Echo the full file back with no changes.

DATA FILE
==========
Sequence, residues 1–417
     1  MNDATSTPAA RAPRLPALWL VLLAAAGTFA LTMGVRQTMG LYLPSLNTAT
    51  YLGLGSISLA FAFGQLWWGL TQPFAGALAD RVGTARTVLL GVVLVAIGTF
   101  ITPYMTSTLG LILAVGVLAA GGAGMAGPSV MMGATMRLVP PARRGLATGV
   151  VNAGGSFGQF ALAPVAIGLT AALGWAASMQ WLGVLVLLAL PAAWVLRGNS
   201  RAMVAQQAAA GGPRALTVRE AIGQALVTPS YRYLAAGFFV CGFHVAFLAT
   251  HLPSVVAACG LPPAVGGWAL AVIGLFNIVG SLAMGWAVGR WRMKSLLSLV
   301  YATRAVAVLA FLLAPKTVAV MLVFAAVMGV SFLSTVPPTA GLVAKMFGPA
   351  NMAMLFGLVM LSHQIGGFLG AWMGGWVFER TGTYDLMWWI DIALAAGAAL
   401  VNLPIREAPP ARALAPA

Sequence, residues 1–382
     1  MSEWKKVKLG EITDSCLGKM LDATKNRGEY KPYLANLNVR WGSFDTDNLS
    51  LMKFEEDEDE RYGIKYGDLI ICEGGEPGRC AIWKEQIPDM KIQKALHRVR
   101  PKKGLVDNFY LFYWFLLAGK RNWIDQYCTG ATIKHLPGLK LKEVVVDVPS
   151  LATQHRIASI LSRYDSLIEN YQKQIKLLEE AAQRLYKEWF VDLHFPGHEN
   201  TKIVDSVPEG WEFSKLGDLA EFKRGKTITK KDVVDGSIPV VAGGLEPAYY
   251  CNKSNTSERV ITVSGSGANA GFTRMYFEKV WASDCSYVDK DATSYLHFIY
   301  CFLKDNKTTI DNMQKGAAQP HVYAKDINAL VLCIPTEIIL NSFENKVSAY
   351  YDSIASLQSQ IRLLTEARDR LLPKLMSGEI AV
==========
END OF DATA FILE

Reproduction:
Sequence, residues 1–417
     1  MNDATSTPAA RAPRLPALWL VLLAAAGTFA LTMGVRQTMG LYLPSLNTAT
    51  YLGLGSISLA FAFGQLWWGL TQPFAGALAD RVGTARTVLL GVVLVAIGTF
   101  ITPYMTSTLG LILAVGVLAA GGAGMAGPSV MMGATMRLVP PARRGLATGV
   151  VNAGGSFGQF ALAPVAIGLT AALGWAASMQ WLGVLVLLAL PAAWVLRGNS
   201  RAMVAQQAAA GGPRALTVRE AIGQALVTPS YRYLAAGFFV CGFHVAFLAT
   251  HLPSVVAACG LPPAVGGWAL AVIGLFNIVG SLAMGWAVGR WRMKSLLSLV
   301  YATRAVAVLA FLLAPKTVAV MLVFAAVMGV SFLSTVPPTA GLVAKMFGPA
   351  NMAMLFGLVM LSHQIGGFLG AWMGGWVFER TGTYDLMWWI DIALAAGAAL
   401  VNLPIREAPP ARALAPA

Sequence, residues 1–382
     1  MSEWKKVKLG EITDSCLGKM LDATKNRGEY KPYLANLNVR WGSFDTDNLS
    51  LMKFEEDEDE RYGIKYGDLI ICEGGEPGRC AIWKEQIPDM KIQKALHRVR
   101  PKKGLVDNFY LFYWFLLAGK RNWIDQYCTG ATIKHLPGLK LKEVVVDVPS
   151  LATQHRIASI LSRYDSLIEN YQKQIKLLEE AAQRLYKEWF VDLHFPGHEN
   201  TKIVDSVPEG WEFSKLGDLA EFKRGKTITK KDVVDGSIPV VAGGLEPAYY
   251  CNKSNTSERV ITVSGSGANA GFTRMYFEKV WASDCSYVDK DATSYLHFIY
   301  CFLKDNKTTI DNMQKGAAQP HVYAKDINAL VLCIPTEIIL NSFENKVSAY
   351  YDSIASLQSQ IRLLTEARDR LLPKLMSGEI AV